Anna Arabindan-Kesson, Assistant Professor, African American Studies and Art and Archaeology

V. Mitch McEwen, Assistant Professor, Architecture

Monica Youn, Lecturer, Creative Writing, Lewis Center for the Arts

Erin Besler, Assistant Professor, Architecture

D. Vance Smith, Professor, English

Melissa Lane, Professor, Politics

Barbara Nagel, Assistant Professor, German

Max Weiss, Associate Professor, History and Near Eastern Studies 

Miguel Centeno, Professor, Sociology and SPIA

Brian Eugenio Herrera, Associate Professor, Lewis Center for the Arts

Anna Shields, Professor, East Asian Studies

Karen Emmerich, Associate Professor, Comparative Literature

Pedro Meira Monteiro, Professor, Spanish and Portuguese

Eve Aschheim, Lecturer, Lewis Center for the Arts

Kenneth Tam, Lecturer, Lewis Center for the Arts

Imani Perry, Professor, African American Studies 

Monica Huerta, Assistant Professor, English and American Studies

Ben C. Baer, Associate Professor, Comparative Literature

Elizabeth Levy Paluck, Professor, Psychology and SPIA

Bryan Lowe, Assistant Professor, Religion

Sonya Legg, Lecturer, Atmospheric and Oceanic Sciences

Meredith A. Martin, Associate Professor, English

Katie Chenoweth, Associate Professor, French and Italian

Tracy K. Smith, Professor, Lewis Center for the Arts

Sarah Hamerman, Librarian, Princeton University Library, Special Collections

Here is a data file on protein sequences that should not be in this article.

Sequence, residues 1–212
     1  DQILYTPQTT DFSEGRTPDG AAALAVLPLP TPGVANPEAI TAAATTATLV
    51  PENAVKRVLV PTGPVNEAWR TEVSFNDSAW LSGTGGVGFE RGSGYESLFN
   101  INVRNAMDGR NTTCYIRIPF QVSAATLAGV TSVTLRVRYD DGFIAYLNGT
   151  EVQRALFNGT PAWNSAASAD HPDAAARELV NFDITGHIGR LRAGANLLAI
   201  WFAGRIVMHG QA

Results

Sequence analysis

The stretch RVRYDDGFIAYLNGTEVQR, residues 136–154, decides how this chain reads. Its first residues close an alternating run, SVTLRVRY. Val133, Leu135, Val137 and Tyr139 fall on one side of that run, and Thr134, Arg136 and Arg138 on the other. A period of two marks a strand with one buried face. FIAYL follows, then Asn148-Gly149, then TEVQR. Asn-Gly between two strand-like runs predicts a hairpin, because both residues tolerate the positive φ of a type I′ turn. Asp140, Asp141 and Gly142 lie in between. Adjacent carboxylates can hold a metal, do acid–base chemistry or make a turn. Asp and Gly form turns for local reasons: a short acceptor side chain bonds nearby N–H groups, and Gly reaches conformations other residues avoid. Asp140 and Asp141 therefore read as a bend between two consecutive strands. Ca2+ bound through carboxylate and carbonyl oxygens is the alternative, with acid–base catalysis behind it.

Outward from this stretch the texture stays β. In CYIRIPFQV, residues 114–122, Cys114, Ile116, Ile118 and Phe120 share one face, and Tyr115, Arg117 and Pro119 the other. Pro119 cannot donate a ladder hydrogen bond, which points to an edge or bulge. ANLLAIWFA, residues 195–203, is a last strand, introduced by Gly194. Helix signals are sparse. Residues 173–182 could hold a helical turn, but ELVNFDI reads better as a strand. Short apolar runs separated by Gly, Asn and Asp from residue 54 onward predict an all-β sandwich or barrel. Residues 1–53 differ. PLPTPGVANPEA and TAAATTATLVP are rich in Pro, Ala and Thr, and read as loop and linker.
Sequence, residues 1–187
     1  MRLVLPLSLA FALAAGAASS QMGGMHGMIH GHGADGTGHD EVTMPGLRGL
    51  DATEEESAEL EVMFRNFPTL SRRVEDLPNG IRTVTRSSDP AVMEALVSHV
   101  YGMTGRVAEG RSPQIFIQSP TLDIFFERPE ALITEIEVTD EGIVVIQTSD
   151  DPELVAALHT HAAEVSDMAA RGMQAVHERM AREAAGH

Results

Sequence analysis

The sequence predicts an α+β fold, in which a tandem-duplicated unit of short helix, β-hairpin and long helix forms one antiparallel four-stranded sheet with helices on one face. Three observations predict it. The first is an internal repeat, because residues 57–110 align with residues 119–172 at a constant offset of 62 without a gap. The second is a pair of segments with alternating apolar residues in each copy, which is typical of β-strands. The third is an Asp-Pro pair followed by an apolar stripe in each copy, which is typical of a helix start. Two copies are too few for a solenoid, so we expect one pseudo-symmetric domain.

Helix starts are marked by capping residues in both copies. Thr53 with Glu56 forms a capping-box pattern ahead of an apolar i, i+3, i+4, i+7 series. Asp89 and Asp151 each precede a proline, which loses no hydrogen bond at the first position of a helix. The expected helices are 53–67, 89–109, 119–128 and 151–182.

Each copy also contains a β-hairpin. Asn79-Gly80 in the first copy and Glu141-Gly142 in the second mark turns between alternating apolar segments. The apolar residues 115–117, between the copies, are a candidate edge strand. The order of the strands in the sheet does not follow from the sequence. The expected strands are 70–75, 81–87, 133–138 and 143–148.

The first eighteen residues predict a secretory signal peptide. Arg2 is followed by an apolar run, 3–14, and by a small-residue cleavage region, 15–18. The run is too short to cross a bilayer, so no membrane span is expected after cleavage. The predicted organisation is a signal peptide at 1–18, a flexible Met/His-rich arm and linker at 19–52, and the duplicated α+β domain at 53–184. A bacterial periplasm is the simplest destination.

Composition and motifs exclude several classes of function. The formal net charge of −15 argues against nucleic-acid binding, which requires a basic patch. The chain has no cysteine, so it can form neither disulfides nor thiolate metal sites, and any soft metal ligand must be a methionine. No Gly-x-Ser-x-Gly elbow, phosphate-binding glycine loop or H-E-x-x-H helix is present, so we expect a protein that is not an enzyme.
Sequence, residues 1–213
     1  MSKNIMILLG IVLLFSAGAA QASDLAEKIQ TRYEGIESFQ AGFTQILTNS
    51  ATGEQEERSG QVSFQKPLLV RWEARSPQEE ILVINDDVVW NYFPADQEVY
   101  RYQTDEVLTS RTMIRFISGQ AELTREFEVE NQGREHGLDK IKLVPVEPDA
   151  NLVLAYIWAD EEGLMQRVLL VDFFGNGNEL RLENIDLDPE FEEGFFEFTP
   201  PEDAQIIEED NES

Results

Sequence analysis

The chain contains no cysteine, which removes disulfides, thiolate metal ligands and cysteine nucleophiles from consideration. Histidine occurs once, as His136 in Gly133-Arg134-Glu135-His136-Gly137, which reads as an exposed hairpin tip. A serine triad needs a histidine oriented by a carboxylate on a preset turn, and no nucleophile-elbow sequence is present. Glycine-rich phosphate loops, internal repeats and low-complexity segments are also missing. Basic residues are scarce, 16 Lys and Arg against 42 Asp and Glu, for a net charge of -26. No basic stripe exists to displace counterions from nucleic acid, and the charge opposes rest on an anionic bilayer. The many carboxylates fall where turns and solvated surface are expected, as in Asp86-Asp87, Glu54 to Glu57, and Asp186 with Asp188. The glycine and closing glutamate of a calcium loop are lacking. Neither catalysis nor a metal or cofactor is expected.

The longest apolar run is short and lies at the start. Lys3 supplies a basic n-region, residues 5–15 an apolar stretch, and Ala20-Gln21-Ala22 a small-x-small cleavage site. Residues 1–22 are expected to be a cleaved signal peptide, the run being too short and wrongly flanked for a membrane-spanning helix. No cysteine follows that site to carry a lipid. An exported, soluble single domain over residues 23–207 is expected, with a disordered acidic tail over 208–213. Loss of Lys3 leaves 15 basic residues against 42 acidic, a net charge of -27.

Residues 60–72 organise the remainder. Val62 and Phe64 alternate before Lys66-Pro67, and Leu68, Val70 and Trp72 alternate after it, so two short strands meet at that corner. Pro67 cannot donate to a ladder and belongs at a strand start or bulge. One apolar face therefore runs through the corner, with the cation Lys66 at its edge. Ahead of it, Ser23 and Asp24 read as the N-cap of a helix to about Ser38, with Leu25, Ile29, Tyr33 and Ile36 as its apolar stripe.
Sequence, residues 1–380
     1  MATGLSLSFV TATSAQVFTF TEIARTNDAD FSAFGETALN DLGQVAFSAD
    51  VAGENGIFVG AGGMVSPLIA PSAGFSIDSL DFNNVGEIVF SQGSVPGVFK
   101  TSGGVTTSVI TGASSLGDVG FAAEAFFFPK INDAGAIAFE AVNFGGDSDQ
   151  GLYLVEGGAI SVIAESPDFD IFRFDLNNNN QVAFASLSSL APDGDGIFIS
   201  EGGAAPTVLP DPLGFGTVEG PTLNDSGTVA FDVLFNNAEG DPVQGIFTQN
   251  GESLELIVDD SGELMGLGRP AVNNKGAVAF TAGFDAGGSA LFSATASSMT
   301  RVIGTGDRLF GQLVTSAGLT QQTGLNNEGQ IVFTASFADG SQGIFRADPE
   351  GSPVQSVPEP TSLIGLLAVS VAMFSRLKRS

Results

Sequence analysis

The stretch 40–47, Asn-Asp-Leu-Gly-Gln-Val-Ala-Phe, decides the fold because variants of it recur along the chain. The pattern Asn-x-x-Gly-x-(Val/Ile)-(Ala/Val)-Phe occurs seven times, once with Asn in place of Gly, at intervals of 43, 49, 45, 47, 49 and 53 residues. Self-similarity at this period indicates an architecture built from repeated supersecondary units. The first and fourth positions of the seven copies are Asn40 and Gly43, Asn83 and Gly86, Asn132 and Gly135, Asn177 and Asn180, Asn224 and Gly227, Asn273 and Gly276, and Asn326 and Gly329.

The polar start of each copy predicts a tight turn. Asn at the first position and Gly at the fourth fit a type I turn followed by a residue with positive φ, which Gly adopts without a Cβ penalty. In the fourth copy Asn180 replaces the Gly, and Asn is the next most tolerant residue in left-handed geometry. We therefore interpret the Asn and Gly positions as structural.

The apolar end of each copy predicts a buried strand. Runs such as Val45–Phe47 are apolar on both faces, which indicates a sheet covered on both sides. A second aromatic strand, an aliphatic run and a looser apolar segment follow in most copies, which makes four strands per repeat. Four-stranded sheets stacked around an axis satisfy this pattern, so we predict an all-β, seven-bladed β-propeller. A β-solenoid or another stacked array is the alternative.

Nicole Legnani, Assistant Professor, Spanish and Portuguese

Jane Cox, Lecturer, Lewis Center for the Arts

Dara Strolovitch, Professor, Gender and Sexuality Studies

Colleen Asper, Lecturer, Lewis Center for the Arts

Rachael DeLue, Professor, Art and Archaeology

Gabriela Nouzeilles, Professor, Latin American Studies

Dannelle Gutarra Cordero, Lecturer, African American Studies and Gender and Sexuality Studies

Stephen F. Teiser, Professor, Religion

Laurence Ralph, Professor, Anthropology 

William Gleason, Professor, English and American Studies

Irene V. Small, Associate Professor, Art and Archaeology

Christina A. León, Assistant Professor, English

Sarah Chihaya, Assistant Professor, English

Gayle Salamon, Professor, English and Gender and Sexuality Studies

Shaun Marmon, Associate Professor, Religion

Brooke Holmes, Professor, Classics

Satyel Kaelya Larson, Assistant Professor, Near Eastern Studies

Arcadio Diaz-Quiñones, Professor Emeritus, Spanish and Portuguese

Judith Hamera, Professor, Lewis Center for the Arts

Eldar Shafir, Professor, Psychology and SPIA

Julia Elyachar, Associate Professor, Anthropology and PIIRS

Christina Lee, Associate Professor, Spanish and Portuguese

Yael Niv, Professor, Psychology and Princeton Neuroscience Institute

Robbie Richardson, Assistant Professor, English

Elizabeth Armstrong, Associate Professor, Sociology and SPIA

Ra’anan Boustan, Research Scholar, Program in Judaic Studies

Zia Mian, Senior Research Scholar, Program in Global Security

Beatrice Kitzinger, Assistant Professor, Art and Archaeology

Andrea L. Graham, Professor, Ecology and Evolutionary Biology

Agustín Fuentes, Professor, Anthropology 

Janet Kay, Lecturer, Art & Archaeology

Editor’s Note: This article has been updated to include more faculty signatures.